Cinematic Convolutions: Sounds Important


The Red Epic. The Red Scarlet. Master Prime Lenses.

Everyone wants it to look good. But does it sound good?

Before I made my own videos, I was really focused on HOW things looked visually. Especially when I did video or film analysis. I looked up good cameras, which angles to shoot, what shot sizes to use, etc. But I never paid attention to the sound, in fact I don’t think I ever mentioned sound design in any of my analysis videos.

But after shooting “Check Up”, I was hit with a very quick realization: Sound is Everything.

If you watched the raw edit of “Check Up”, with no music, its boring, terse, and quite bland. In fact, while I was editing, I was really concerned with how the video would come out because it was honestly the most boring thing I’d ever watched, and I filmed it.

But after adding in music, it was like night and day. It improved the video so much so, that I went back and made cuts to correspond to the music and let the music drive the flow of the video, which let me set up jokes like the egg one where the music would cut out. Sound design saved my video.

Sound design is arguably the most crucial part of post production.

Firstly, like my video, sound can be used in the form of music to set up the mood of the scene. My video used music to show conflict, dominance, determination, and of course humor. But music can create any mood for any scene. Having no music, or the wrong type of music can ruin your video or film. But sound isn’t just relegated to what soundtrack you pick.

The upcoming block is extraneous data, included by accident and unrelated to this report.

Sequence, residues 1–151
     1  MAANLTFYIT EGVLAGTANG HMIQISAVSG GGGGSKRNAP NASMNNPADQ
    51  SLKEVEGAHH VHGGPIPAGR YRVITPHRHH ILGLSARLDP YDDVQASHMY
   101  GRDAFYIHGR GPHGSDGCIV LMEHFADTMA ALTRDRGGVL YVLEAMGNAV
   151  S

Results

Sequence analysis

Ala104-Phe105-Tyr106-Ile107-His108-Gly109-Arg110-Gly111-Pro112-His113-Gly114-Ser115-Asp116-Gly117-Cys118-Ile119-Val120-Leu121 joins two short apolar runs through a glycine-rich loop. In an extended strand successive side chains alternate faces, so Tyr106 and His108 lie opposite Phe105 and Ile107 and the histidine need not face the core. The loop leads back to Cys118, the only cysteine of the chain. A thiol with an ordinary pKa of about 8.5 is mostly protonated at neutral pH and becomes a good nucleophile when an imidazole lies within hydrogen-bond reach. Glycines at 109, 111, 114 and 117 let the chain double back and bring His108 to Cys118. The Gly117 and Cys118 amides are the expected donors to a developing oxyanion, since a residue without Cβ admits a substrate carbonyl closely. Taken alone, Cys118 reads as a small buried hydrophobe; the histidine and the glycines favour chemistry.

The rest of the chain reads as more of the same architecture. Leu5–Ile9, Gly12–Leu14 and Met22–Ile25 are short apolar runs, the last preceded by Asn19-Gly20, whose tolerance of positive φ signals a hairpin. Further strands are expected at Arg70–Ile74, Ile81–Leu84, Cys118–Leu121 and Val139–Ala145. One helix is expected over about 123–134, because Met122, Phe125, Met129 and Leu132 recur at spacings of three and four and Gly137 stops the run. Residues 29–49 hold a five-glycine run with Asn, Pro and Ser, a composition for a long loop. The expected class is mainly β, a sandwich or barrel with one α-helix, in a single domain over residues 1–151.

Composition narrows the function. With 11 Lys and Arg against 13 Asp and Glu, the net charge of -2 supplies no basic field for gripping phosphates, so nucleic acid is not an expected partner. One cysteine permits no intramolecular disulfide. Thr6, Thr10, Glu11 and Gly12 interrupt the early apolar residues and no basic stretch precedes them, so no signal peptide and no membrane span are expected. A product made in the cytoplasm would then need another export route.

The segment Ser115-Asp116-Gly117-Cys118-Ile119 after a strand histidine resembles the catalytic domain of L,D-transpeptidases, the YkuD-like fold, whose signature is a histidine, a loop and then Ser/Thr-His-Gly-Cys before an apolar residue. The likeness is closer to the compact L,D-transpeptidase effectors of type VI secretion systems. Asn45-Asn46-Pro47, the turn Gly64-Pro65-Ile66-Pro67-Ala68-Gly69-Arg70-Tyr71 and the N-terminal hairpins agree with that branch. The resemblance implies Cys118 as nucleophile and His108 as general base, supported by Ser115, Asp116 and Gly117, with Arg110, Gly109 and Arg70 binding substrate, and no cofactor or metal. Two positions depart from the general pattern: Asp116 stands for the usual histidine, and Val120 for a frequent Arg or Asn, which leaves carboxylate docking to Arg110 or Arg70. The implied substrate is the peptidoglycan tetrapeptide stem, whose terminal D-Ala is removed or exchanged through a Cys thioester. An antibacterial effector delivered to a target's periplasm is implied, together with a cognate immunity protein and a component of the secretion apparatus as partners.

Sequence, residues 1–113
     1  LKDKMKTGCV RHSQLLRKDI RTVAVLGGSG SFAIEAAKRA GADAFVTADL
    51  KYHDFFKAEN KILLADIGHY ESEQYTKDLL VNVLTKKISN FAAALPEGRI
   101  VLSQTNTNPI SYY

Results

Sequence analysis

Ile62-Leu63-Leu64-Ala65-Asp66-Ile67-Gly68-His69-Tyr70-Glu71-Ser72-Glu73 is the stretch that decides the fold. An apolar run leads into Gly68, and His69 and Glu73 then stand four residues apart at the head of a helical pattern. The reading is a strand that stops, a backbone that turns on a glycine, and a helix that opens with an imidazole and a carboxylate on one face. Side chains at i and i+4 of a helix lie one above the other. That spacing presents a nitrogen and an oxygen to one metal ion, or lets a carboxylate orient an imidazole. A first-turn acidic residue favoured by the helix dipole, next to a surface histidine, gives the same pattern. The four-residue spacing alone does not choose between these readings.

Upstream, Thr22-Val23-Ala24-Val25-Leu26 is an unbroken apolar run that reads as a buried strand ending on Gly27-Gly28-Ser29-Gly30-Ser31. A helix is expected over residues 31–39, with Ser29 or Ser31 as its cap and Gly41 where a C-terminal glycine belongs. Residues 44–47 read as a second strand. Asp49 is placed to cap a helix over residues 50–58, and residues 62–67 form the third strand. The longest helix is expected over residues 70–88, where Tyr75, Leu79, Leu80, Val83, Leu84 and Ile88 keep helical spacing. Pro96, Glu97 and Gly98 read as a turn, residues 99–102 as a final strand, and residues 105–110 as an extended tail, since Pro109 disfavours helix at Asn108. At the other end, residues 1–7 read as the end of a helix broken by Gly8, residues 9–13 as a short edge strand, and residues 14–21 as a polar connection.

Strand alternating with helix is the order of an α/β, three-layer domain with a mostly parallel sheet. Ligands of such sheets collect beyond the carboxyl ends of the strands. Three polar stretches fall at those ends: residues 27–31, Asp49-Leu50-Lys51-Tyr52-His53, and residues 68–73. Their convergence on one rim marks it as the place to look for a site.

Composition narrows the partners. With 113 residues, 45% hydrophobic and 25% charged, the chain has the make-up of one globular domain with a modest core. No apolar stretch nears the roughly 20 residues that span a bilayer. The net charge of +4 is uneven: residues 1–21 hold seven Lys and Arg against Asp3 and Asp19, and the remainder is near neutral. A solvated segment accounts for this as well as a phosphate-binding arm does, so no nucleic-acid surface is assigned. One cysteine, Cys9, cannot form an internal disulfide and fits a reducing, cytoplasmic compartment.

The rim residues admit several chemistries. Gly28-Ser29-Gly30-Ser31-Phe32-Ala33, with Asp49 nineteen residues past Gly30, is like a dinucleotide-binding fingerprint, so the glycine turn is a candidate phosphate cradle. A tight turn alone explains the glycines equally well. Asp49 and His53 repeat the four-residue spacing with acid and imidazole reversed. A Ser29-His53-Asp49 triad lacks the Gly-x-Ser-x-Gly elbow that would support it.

Secondly, sound extends of course to dialogue! Many times, the voices you hear in the film or video weren’t even caught on set, but in post using a technique called ADR: Additional Dialogue Recording. This is the process of dubbing the voices for a scene for various reasons:

1. There was something ruining the captured dialogue (Wind/Cars/Planes/ETC)

2. The director was calling out marks during the scene so all the dialogue needs to be dubbed.

3. The line was flubbed and there are no better takes.

There is a scene in Check Up where I scream, “Hey!” at the jerk. But that scream wasn’t in the actual take! That take was the best timed one of me walking, but the scream I did during that take was weak. So I took a scream from a previous take, and cut out the current scream and pasted in the better one therefore combining the best of both takes.

Lastly, and my favorite use of sound is to create immersion. Great sounds allows the audience to suspend their disbelief, but bad sound can immediately destroy it as it reveals the actual process of film making. And the better your film looks, the more obvious bad sound becomes.

The most important part of sound design to create immersion is something called FOLEY. FOLEY is kind of like ADR, but instead you’re creating the sound of the video. For example, for sword fights in movies, the actual swords are prop wood, to be safe. So to create the clink sounds of sword fighting, a FOLEY artist will sit in his sound studio and recreate the situation except with actual swords to create the sound and that will be inserted into the audio. Most of the sound you hear in movies is from FOLEY.

My videos don’t really involve the use of much FOLEY because usually all of my shots contain the audio I need, I usually use ADR a lot more to fix or add in dialogue for a scene. (Though I will be using FOLEY very very soon.)

I hope I was able to show you the importance and uses of sound in film and video!

The next few videos from my channel will not be produced or directed by me, I am currently busy working on our first official big production that’ll be filmed in the summer and so this next few weeks my co-founders will be making videos in my place while I get things in order. The next video from me will be our biggest and most ambitious project to date and it honestly scares me of how much bigger the scale is. But its all in great fun.( And I guarantee it’ll sound great.)


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